Sister of alleged Hannah Anderson kidnapper: ‘There’s no evidence’
The sister of the man accused of kidnapping Hannah Anderson defended her brother in her first interview since he was shot and killed by the FBI, raising questions about James DiMaggio’s alleged acts and recalling she told him the teenager was “trouble.”
Lora Robinson spoke to CNN’s Piers Morgan on Tuesday night, defending her brother from the start of the interview. When Morgan asked if Robinson -- who he referred to as Lora DiMaggio -- knew “why he did it,” she fired back.
“‘How do you know that he did it?’ would be my question for you,” Robinson said. “There’s no evidence. The only evidence that’s even come forward at this point is the fact that these two bodies were found on his property.”
Authorities allege that James DiMaggio killed Hannah Anderson’s mother and 8-year-old brother at his San Diego County home before booby-trapping it with incendiary devices. The house caught fire Aug. 4, prompting what would become a multi-state search for DiMaggio and 16-year-old Hannah.
The six-day search ended more than 1,000 miles away in Idaho, where FBI agents raided a remote campsite where DiMaggio and Hannah were spotted. The girl was rescued safely; DiMaggio was shot and killed.
DiMaggio’s sister expressed frustration at what she described as a lack of information from law enforcement officials.
“I think there’s a lot of holes in the case,” she said. “There’s a lot of missing information. I have yet to see any solid evidence.”
“In my heart of hearts, I think that Hannah perhaps got herself into a situation that she couldn’t get herself out of,” Robinson continued. “And I do believe that my brother gave his life to protect her.”
San Diego County Sheriff’s Department authorities have insisted that Hannah was a victim “in every sense of the word.”
Robinson said her brother -- whom she described as Hannah’s father’s “best friend” -- was “a father figure and an uncle to the Anderson children” and that he “thought of Hannah as a daughter.”
When Morgan asked Robinson if she might be in denial over the accusations against her brother, she insisted that she had seen no evidence proving his alleged acts.
“What other explanation do you have?” Morgan said.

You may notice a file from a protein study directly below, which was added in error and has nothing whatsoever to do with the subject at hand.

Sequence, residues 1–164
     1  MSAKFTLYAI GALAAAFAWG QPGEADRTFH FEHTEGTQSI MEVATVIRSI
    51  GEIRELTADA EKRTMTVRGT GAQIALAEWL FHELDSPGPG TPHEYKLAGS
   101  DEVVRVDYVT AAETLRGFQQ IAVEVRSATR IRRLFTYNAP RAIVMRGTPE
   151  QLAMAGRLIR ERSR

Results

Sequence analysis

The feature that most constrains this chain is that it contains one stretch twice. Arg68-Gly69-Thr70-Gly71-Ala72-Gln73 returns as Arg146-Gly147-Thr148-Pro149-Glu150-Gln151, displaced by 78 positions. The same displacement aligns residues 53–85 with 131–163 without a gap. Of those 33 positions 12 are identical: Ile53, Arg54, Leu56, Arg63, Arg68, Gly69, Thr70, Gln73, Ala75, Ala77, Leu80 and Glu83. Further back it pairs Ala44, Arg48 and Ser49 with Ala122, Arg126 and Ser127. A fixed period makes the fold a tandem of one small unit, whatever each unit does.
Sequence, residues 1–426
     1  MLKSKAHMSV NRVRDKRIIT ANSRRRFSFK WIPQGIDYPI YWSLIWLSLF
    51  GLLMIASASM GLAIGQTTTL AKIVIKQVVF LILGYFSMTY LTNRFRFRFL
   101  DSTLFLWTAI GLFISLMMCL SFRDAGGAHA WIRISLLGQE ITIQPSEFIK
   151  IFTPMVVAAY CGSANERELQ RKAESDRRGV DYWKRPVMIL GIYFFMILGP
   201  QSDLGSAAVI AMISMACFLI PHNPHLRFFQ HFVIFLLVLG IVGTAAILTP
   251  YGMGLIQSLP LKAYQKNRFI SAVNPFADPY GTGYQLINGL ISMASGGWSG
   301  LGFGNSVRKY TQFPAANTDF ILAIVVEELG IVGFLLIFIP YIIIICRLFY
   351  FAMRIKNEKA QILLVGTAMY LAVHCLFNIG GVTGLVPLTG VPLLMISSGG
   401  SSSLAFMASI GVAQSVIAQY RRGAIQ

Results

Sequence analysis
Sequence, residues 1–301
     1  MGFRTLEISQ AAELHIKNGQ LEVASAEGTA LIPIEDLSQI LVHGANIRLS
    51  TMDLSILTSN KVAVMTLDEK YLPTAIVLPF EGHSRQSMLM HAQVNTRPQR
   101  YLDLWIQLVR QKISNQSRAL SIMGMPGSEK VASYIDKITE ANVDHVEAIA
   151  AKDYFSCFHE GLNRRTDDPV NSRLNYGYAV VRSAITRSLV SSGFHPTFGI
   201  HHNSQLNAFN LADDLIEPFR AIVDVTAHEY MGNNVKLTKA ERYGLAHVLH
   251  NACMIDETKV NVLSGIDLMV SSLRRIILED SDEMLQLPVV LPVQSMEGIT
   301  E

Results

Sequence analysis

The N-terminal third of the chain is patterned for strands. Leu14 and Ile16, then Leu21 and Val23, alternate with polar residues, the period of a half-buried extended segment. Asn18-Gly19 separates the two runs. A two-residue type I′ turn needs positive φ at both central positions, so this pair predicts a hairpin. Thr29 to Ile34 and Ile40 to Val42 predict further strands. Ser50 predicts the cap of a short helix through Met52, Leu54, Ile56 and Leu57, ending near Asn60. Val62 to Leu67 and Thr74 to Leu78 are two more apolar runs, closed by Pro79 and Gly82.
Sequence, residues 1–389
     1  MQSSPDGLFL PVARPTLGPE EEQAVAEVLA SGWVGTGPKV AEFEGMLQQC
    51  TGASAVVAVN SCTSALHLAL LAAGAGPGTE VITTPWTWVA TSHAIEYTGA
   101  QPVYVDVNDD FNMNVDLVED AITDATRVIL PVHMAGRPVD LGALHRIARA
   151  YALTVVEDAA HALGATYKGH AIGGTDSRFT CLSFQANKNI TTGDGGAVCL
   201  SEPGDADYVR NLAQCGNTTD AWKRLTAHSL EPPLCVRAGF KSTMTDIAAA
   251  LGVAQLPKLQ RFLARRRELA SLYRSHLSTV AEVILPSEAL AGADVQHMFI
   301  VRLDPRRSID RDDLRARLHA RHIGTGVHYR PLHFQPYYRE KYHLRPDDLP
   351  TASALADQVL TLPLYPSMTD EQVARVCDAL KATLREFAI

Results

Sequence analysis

“Do you believe everything a 16-year-old tells you?” Robinson said.
“You think she’s just lying?” Morgan asked.
“I’m not going to speak to that,” Robinson responded as she sipped from her coffee mug.
Robinson said Hannah stayed at her home three weeks before she disappeared. She recalled “very vividly” telling DiMaggio “she’s trouble.”
“I said, ‘You need to watch out for that one, she’s trouble,’” Robinson said, later adding that she didn’t “want to bash anyone. It’s certainly not my intent.”
At one point, Robinson interrupted the host.
“Piers, can I stop you?” she said. “I would like to throw in there ... I would like to remind you that at this point, my brother is still a suspect. He is not a killer. He is accused, and again, it is alleged.”
Robinson insisted that she wanted more details about the investigation. As the only surviving member of DiMaggio’s immediate family, she said, she thought that authorities could “share a little bit” of the information with her.
She said she had spoken to Hannah’s father, Brett Anderson, after it was revealed DiMaggio left $112,000 in life insurance to the girl’s grandmother. The money was intended to go to Hannah and her brother, a DiMaggio family spokesman has said.
“My heart just breaks for Brett, really it does,” Robinson said.
In a statement provided to Morgan’s show, the Anderson family said it was “a difficult time for both families” and wished Robinson “privacy and peace as she begins her healing process.”
Robinson said she missed her brother “very much.”
“It’s very hard to believe that someone who was just so genuine and so dependable every single solitary day just woke up one day and decided, ‘I’m going to do this,’” Robinson said. “It’s very difficult to believe.”
“I’m not in any way excusing ... I’m not saying that he didn’t have any part in it,” she said. “But what I’d like to know is -- I’d like to have factual evidence of what exactly his part in it was. And when I have that evidence, I’ll go from there.”
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